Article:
“Lord, make me an instrument of Your peace;
Wherever there is hatred, let me sow peace,
Wherever there is injury, pardon;
Wherever there is sadness, joy;
Wherever there is darkness, light;
Wherever there is despair, hope; and
Wherever there is doubt, Faith.
O divine master, grant that I may seek so much –
- to be understood as to understand;
- to be consoled as to console; and
- to be loved as to love.
For it is in giving that we receive;
It is in pardoning that we are pardoned; and
It is in dying that we are born to Eternal life.”
This prayer enthralled me and reinforced my deep commitment to universality of religions and service of Man. My inner voice dwelt on two concepts: THERE IS ONLY ONE RELIGION that of TRUTH and THERE IS ONLY ONE CASTE – that of HUMANITY. That is why my Scripture specifically declares that THERE IS ONE AND THE SAME SERMON for all, whether one is a Brahmin, a Khatri, a Vaish or a Shudra. Discrimination on the basis of caste is severely condemned.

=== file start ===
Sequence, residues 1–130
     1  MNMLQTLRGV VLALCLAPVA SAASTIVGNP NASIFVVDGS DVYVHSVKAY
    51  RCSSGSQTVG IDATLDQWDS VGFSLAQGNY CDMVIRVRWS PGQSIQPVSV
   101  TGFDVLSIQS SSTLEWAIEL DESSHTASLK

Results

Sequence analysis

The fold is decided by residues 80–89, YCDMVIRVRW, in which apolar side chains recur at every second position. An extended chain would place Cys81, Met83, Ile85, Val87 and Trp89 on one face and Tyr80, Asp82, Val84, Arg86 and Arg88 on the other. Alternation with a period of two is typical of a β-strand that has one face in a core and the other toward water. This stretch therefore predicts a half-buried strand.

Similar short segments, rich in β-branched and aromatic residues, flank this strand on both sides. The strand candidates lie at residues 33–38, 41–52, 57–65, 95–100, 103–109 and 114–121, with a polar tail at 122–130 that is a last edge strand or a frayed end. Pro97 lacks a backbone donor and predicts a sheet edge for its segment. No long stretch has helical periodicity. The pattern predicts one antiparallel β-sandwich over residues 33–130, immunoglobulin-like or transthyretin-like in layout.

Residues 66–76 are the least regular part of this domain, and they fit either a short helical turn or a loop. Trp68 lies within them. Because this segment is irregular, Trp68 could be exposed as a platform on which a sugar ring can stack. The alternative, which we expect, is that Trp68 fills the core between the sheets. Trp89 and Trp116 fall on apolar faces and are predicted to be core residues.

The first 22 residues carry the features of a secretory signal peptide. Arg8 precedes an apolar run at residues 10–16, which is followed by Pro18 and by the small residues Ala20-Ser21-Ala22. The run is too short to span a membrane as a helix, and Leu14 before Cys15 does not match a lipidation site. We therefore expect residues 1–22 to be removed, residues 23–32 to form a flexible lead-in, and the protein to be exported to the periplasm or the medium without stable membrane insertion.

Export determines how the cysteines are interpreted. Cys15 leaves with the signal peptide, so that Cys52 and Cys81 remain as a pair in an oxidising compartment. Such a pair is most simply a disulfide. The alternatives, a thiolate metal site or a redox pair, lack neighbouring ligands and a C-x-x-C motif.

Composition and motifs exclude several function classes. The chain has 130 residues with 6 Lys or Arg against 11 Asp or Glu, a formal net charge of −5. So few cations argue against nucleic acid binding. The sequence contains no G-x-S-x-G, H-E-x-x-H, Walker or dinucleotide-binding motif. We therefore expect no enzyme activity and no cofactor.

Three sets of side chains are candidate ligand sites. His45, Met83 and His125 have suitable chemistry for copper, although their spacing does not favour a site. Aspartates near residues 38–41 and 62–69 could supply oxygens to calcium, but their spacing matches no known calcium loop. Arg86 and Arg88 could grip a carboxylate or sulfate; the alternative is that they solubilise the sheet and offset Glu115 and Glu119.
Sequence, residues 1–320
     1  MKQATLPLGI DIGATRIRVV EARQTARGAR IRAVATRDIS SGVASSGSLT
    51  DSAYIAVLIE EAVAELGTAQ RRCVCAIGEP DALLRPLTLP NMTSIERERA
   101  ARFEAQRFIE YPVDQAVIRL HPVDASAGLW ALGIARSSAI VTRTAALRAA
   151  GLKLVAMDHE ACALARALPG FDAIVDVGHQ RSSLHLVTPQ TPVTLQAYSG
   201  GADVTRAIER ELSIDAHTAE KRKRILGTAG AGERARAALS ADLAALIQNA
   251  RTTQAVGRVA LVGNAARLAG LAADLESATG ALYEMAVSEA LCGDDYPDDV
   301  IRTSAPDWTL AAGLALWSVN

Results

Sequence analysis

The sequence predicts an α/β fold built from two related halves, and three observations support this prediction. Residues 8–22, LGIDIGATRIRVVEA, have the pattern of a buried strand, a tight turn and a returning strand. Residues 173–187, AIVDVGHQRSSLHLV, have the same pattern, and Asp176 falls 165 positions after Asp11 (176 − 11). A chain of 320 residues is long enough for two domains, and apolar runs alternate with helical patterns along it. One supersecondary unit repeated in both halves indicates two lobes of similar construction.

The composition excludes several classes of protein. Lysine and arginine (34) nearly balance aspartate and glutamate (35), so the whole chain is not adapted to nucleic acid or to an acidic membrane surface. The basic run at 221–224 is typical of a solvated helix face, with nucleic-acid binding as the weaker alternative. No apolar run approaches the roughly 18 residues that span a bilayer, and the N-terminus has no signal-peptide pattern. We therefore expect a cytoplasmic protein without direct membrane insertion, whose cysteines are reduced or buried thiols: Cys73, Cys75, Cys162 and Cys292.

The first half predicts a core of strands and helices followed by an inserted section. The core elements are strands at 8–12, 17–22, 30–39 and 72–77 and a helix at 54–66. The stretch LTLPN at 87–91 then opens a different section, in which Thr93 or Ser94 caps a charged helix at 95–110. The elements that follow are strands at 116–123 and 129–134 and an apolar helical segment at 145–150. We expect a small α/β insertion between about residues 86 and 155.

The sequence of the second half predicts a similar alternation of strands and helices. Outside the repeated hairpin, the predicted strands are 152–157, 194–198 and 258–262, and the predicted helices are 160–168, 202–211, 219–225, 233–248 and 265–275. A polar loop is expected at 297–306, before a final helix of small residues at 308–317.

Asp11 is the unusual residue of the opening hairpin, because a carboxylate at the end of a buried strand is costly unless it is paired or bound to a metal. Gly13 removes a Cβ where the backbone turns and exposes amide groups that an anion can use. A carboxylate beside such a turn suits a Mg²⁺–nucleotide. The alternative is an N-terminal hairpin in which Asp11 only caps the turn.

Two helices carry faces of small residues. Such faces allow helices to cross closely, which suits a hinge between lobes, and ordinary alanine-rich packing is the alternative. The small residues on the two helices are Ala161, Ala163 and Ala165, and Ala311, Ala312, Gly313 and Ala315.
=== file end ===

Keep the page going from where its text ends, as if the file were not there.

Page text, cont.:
My heart developed the Urge to LIVE the concepts of Guru Granth Sahib and the prayer of St. Francis, the revered Catholic saint. While I was serving in Paris, in addition to my diplomatic, consular or commercial work, I became a member of the PETITS FRERES DES PAUVRES (“Little Brothers’ Association for the poor”), a French charitable society for serving French old people in their homes.
My distinct bearded and turbaned appearance did not come in the way of my love for them. They affectionately accepted my devotion and extended theirs to me. It was a divine treat not only for me but also for the French old couple, when I helped the paralysed Frenchman to walk some distance on Saturdays or Sundays.
Since I had developed a compulsion to ask the old people to think of Jesus all the time so that they would never feel lonely, I received more love than I gave. In fact the 94-year old French single lady blessed me when she said: “You have restored my faith in Christ which I had lost.” And the widow of the paralysed Frenchman was delighted when I attended his funeral and later took her every month to the cemetery where he was buried.